(Please read this first. In order to link to the book
the New York Times, you may need to sign up for a free on line
at their site. This is easily done, and well worth the
In addition to all the other features the NYT offers, you will be able
to read book reviews, and complete first chapters of hundreds of books
on line. This is one of the great bargains of the internet. New
York Times )
February 14, 1994
An austere white
house with a roof of ochre tile stands amid the olive groves and
of Chianti. Tight-furled cypresses file uphill along a lane to other
other farms. The February sun hangs low in the sky, the icy tramontana
slices in from Switzerland, but the grass is already green and the
are in bud. Except for wisps . . .
When I drive from Athens to Sparta, I know I am in Georgia. The road takes you through open fields. Only one sharecropper shack remains, light peering through between the four piles of bricks on which it stands. Cotton, mechanically maintained now, is regaining its place in competition with the beef cattle endlessly grazing on gently sloping hillsides. Coming into Sparta, the county courthouse commands attention.
Click the links to see the full chapters. And here are some more.
Read these, compare with what you have done. Don't judge your work against others. Instead, take the opportunity to compare. What have these other writers done that you liked? What have they done that you disliked? What have they done that you think you could learn from? Try copying a few sentences and substituting your own words.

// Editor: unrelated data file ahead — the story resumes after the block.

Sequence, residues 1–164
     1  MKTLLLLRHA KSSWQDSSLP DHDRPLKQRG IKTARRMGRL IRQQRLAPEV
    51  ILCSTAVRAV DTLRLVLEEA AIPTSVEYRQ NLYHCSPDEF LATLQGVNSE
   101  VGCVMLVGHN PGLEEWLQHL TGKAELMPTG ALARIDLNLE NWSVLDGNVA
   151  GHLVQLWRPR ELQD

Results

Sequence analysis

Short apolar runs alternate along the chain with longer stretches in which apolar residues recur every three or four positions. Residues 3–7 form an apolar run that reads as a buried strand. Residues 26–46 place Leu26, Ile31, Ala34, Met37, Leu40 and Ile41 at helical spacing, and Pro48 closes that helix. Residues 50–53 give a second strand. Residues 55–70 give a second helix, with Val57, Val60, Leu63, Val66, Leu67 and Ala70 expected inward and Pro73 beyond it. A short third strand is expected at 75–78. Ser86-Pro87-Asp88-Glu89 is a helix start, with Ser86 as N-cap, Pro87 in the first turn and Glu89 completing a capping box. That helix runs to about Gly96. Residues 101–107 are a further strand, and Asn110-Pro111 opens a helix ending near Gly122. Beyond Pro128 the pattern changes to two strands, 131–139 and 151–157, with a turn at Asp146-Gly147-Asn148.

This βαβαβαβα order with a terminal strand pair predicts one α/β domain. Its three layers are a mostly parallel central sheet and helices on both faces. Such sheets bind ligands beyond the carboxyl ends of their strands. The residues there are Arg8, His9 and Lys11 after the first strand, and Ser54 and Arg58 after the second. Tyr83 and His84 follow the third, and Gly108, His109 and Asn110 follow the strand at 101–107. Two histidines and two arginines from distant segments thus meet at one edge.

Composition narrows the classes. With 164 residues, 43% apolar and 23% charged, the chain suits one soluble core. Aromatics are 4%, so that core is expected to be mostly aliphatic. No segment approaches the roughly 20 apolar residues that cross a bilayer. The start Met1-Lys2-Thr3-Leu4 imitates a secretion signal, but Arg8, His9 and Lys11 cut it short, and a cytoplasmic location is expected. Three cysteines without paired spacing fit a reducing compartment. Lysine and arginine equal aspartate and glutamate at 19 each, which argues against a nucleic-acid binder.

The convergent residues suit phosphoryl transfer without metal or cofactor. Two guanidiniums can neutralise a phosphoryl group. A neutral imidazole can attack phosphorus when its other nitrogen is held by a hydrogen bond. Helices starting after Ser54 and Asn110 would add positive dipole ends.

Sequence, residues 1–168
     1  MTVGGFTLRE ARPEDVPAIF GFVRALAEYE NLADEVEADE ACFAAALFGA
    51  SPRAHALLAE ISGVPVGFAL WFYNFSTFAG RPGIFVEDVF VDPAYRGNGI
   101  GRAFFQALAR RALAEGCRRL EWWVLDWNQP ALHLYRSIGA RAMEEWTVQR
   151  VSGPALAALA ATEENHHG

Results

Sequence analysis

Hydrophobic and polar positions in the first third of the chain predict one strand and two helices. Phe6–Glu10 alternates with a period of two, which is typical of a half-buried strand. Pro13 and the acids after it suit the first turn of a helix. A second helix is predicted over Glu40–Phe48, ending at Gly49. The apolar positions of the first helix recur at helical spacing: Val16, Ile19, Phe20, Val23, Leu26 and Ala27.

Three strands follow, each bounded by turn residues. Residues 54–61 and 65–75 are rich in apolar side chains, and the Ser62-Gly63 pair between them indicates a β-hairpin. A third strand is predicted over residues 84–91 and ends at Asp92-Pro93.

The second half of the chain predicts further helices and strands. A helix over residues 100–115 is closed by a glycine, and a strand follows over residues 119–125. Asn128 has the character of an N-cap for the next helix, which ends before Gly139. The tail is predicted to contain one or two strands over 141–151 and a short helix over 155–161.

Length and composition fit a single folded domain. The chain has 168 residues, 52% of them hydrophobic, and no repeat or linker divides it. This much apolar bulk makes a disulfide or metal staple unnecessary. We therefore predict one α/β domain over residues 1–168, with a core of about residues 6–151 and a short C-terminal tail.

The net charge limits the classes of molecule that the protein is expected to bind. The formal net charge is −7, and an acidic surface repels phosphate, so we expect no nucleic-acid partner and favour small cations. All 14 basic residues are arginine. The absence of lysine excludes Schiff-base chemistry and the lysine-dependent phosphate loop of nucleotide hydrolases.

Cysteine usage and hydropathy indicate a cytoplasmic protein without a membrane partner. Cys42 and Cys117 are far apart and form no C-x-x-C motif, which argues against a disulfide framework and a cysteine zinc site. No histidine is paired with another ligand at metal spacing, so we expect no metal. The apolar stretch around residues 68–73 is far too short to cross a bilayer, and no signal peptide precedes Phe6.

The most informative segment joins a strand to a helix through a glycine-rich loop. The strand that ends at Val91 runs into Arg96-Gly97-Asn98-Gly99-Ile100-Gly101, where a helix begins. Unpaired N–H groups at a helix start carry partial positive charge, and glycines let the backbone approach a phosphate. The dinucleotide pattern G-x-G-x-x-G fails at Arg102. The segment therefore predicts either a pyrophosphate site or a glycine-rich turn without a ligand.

Here's how you can do that. The following passage is by James Baldwin.
I was born in Harlem thirty-one years ago. I began plotting novels at about the time I learned to read. The story of my childhood is the usual bleak fantasy, and we can dismiss it with the restrained observation that I certainly would not consider living it again.
Here is my exact rewrite:
I was born in Blue Island Illinois, seventy long years ago. I began ruining my eyes as soon as I could read. The story of my childhood is the usual tug of war between parents and child, and the best I can say about it is that reached adulthood in one healthy, but somewhat neurotic piece.
Okay. It wasn't exact. I'm a writer, I gotta write. But I did follow the general pattern of Baldwin's paragraph and sentences. I very nearly reproduced his rhythms. Is this cheating? Well, yes and no. Cheating in that we always want to do our own thing. But not in the sense that I have stolen anything from Baldwin. I copied his moves, not his game.
Anyone who works in the arts does this from time to time, especially when they are learning. A young dancer will learn by watching an accomplished artist. A painter will sit down and literally copy a masterpiece; I've seen them do it, often. Singers will imitate their favorite artists. Athletes will imitate the moves of the pro's.
So why shouldn't you take advantage of the lessons taught be a great writer?
Go ahead. Give it a whack.